Taxpayers who rely on rental property losses will already be aware of the proposed changes from the 2012 Budget, where the Government confirmed it would be tightening the rules for taking deductions on assets used privately and to generate income ("mixed-use assets").
These changes are in keeping with the removal of tax depreciation on buildings from the 2011/2012 year, and will obviously impact on those who own a holiday home which they use personally but rent the property out for a portion of the year.
The Revenue Minister, the Hon Peter Dunne, recently spoke about the proposals which involve apportioning expenses that are not directly attributable to either private or taxable use.
The calculation of the proposed apportionment is a simple one – it will be based on the number of days that an asset is used privately versus the number of days the asset is used to generate income.
An interesting aspect of the proposals is the suggestion that some losses will be ring-fenced (will not be able to be offset against other income). This would impact on those earning low levels of income, for example where the gross income derived from the asset in a year does not exceed 2% of its cost (or rateable value for land and buildings).
Such losses may still be carried forward, but only to offset future income from that specific asset.
The rules may be opted out of if gross income does not exceed $1,000, or if the asset produces a net loss. Opting out may provide benefits for some, as by treating income as exempt and expenses as non-deductible, compliance costs may be significantly reduced.
These proposals will automatically apply to assets which cost more than $50,000, and to an asset where 62 days have passed without active use. Assets used privately by the owner (or by an associated person), and assets used to generate income will also fall within this category.

How it affects you

At this stage, there has been no comment on how these rules would interact with the Fringe Benefit Tax and dividend rules.
Further, it is quite possible that the proposals will be altered and adapted following further discussion and submission.
While we will keep you informed of these proposals as they develop, if you own any mixed-use assets, we recommend you seek advice to clarify your tax position.


There have been many changes to the definition of family scheme income, all of which have been designed to bring as much into the income net as possible when determining a person's eligibility for Working for Families Tax Credits ("WFFTC").
One such change has been to eliminate losses from the calculation of family scheme income.
In a recent court case the taxpayer was a self-employed artist who was married with five children and, for WFFTC purposes, was the principal caregiver. The taxpayer and her husband, as a partnership, owned a number of rental properties in a provincial city. The taxpayer's share of the losses from the rental partnership was offset against her income in the 2007 and 2008 years. The taxpayer's husband also offset his share of partnership losses against his income in the 2006 to 2008 (inclusive) income years.
Accordingly, the WFFTCs claimed by the taxpayer were based on family income which had rental losses deducted from it.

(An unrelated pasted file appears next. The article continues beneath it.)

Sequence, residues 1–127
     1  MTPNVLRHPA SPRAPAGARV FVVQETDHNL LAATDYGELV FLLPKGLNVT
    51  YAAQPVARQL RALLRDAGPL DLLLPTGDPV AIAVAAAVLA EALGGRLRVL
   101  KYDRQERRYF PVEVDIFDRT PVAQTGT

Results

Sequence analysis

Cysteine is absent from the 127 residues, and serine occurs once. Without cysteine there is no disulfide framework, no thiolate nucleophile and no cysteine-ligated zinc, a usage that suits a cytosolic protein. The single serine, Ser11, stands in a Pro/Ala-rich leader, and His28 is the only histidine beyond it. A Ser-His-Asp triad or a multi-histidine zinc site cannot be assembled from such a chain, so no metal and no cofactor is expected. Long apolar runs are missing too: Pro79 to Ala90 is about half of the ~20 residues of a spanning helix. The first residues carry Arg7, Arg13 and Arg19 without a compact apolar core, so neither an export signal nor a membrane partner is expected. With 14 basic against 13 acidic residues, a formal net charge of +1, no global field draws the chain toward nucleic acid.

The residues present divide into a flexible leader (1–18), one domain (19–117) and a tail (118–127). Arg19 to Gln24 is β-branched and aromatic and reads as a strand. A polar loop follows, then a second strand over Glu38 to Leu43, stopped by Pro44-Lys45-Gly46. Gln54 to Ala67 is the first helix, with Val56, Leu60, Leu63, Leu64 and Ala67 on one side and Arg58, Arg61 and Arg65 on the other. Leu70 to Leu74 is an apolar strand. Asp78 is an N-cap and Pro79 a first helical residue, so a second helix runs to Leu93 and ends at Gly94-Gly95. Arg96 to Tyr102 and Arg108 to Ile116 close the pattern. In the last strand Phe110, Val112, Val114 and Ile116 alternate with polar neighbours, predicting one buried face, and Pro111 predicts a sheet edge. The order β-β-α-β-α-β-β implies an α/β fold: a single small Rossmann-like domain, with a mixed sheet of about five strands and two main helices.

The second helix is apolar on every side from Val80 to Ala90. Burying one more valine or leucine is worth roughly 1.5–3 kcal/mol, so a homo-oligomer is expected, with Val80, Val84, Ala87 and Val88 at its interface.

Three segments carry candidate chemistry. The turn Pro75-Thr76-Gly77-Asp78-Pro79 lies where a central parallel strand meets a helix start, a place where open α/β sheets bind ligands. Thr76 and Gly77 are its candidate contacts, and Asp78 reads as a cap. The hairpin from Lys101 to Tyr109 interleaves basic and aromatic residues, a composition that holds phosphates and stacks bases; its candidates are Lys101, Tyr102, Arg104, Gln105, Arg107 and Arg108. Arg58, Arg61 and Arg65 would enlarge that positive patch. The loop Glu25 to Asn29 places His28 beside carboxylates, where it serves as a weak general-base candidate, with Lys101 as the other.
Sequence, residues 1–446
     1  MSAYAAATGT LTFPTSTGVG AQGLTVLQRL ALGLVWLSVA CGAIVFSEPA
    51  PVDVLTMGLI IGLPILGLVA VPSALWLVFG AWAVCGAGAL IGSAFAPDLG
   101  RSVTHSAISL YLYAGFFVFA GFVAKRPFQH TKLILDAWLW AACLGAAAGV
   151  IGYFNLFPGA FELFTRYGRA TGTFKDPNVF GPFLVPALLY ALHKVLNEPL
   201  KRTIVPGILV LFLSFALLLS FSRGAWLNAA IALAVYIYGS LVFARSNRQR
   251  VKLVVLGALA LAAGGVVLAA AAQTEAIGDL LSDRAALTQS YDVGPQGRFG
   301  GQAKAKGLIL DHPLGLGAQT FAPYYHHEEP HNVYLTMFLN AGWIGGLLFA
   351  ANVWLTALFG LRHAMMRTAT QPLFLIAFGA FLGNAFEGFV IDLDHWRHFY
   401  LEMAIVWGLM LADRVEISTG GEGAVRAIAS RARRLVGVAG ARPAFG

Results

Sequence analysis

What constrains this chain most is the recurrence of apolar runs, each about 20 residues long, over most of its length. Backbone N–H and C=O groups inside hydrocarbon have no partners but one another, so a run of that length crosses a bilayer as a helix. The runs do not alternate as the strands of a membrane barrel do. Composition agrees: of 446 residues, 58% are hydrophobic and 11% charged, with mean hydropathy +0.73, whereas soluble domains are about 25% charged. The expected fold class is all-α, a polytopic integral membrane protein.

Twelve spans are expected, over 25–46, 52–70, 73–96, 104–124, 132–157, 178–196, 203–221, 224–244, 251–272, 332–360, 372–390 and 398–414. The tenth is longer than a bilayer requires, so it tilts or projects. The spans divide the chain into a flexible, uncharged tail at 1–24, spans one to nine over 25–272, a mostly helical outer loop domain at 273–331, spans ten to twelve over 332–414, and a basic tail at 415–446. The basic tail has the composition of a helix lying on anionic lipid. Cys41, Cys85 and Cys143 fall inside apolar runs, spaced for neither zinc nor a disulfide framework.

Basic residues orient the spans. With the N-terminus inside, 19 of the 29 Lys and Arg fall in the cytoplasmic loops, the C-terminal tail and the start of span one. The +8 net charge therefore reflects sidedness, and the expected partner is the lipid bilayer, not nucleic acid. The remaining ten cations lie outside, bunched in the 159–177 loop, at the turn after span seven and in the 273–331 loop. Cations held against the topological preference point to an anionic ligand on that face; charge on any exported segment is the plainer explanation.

The Taxation Review Authority (TRA) has held that the Inland Revenue Department ("IRD") was entitled to disallow rental activity losses claimed by the taxpayer for WFFTC purposes.
The Income Tax Act 2007 provides that from the income year commencing 1 April 2011, investment losses are excluded from the calculation of family scheme income. An investment activity includes the passive holding of an investment asset, including but not limited to a rental property, but does not include a bank account.
In this case, the WFFTC claim by the taxpayer and her husband was for the 2006 to 2008 (inclusive) income years when the limitation of losses related only to business activities. The IRD added the rental losses back into the specified "family income" on the basis that a business loss cannot be deducted from income of WFFTC claimants.
The taxpayer accepted that the rental property operation could amount to a business but maintained that there was no business because she did not intend to make a revenue profit but only a capital profit by way of capital growth in the value of the properties.
The TRA held that the taxpayer and her husband were undertaking the activity of a property owning and letting business at all material times.

How it affects you

Seek advice before claiming WFFTC if you have any income other than from employment.


The IRD has proposed to set a general depreciation rate for automated meal feeders, which will create a new type of asset in the "Agriculture, Horticulture, and Aquaculture" industry category.
The IRD has recently released General Depreciation Determination ED0149, which proposes to add a Mushroom Factory to the "Building and Structures" industry category, with an estimated useful life of 33.3 years.
In a recent dispute where a taxpayer failed to keep adequate business records, the TRA accepted the IRD's assessments.


"A neurotic is a man who builds a castle in the air. A psychotic is the man who lives in it. A psychiatrist is the man who collects the rent."
Jerome Lawrence

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